[L.M.] The Crucifixion deals with politically-charged subjects—tension between those of different races and religions—struggles that regrettably are still relevant today, especially on the heels of the attacks on the World Trade Center.  In your own words The Crucifixion, “…reframes the Old Testament in terms of the flight of African Americans from the Deep South during the Great Migration and the New Testament as the struggle for meaning in the modern, urban America.” Do you feel that bringing new context to such culturally embedded stories can help a generation better understand the greater significance of current events?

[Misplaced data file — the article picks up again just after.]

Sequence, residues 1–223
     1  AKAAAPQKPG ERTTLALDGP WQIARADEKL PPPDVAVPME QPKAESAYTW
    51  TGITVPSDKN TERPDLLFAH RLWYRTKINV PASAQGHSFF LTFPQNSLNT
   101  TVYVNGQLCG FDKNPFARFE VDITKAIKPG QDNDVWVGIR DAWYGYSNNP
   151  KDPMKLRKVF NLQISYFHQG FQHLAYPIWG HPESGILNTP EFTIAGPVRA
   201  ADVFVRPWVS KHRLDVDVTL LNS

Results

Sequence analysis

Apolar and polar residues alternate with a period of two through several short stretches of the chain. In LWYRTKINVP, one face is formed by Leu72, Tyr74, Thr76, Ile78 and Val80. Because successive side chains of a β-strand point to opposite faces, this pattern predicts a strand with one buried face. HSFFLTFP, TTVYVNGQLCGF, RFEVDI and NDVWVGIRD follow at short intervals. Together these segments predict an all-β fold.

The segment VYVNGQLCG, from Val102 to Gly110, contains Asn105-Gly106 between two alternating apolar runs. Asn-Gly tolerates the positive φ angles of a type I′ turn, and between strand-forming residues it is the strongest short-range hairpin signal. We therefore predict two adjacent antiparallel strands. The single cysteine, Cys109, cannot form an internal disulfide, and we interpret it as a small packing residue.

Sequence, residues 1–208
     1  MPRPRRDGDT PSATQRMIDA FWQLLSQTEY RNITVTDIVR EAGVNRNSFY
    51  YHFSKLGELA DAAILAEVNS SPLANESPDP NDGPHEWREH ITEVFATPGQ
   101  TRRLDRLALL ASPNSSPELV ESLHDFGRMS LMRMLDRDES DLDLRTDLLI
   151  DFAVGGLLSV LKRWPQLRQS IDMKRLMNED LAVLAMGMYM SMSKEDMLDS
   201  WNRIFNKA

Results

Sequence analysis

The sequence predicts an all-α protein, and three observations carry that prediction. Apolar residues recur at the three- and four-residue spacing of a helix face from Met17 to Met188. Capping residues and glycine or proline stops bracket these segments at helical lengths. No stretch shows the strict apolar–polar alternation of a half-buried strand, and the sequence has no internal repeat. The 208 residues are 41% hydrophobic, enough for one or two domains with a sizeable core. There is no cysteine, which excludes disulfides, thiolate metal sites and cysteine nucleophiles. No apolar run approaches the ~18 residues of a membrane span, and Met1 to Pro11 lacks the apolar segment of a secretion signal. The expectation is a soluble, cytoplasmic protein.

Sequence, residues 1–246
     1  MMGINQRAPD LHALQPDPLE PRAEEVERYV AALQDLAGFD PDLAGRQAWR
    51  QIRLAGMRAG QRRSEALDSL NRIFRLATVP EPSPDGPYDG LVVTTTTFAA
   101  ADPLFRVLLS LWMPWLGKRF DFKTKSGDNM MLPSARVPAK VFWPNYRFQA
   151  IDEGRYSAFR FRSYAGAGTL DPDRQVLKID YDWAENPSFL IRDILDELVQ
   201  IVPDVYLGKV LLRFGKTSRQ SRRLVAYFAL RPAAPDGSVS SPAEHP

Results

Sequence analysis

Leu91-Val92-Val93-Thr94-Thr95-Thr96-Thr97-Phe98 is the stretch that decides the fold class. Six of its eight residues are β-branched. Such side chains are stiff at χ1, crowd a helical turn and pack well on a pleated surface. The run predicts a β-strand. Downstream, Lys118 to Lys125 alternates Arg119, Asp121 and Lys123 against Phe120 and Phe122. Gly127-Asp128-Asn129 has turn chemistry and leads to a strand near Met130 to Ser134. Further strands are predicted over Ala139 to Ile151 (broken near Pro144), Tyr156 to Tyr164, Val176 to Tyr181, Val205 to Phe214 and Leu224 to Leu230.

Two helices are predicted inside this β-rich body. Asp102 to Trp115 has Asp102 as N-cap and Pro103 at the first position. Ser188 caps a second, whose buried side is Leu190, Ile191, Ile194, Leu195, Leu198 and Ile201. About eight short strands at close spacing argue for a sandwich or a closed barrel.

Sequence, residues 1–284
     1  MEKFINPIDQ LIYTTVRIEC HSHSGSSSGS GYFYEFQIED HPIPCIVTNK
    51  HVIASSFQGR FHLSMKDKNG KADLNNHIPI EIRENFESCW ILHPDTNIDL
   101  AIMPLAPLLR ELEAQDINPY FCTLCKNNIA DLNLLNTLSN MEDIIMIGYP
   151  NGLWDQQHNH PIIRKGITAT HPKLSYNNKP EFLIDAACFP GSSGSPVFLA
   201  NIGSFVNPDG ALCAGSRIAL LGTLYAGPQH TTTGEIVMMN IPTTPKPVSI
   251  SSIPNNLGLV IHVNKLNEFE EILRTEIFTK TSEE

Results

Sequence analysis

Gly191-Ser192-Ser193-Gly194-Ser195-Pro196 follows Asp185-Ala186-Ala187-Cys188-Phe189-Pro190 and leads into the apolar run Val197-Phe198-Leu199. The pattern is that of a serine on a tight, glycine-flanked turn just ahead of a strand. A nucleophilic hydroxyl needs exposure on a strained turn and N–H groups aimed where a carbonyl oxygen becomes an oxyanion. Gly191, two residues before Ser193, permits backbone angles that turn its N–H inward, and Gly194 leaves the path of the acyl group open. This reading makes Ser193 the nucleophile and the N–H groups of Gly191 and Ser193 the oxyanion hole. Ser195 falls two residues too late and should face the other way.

[Richards] I was once told by a Sufi that, because the Qur’an cannot be translated, Rumi’s work was actually closer to the “Persian Qur’an” than any translation could be. The idea is that scripture isn’t translatable outside of its context, that it must be breathed into life in the language in which it is read. So we have this book, The Bible, which is the lens through which so many Americans have understood themselves, their identities. But I wanted to ask these questions: how do those stories actually look in the American context? What is the journey that is unfolding in this country? Steinbeck or Baldwin or Whitman or Walker, for example, are writing books in this American Bible. I think most White Americans think that their story doesn’t involve the African American experience. But there is no such thing as a “white” person without it’s opposite, right? The very concept of whiteness was constructed to divide, was based on a dichotomy. We have crafted identity out of a series of dualisms: white and black, good and evil, etc. But the ultimate American gospel is that there is no America with reconciling those opposites. White America, in spite of the Right Wing rhetoric, can’t even begin to answer the question of “who am I?” without Black America. Black America, on the other hand, understands America and the American experience more deeply than most White Americans can. As far as current events are concerned, I think that America’s struggles are related to these unresolved dualisms. Whether it is the Islamic world or the natural world, we are seeking out our own identity by contrasting our selves to the other. But this never resolves anything; it only creates more hate, more destruction.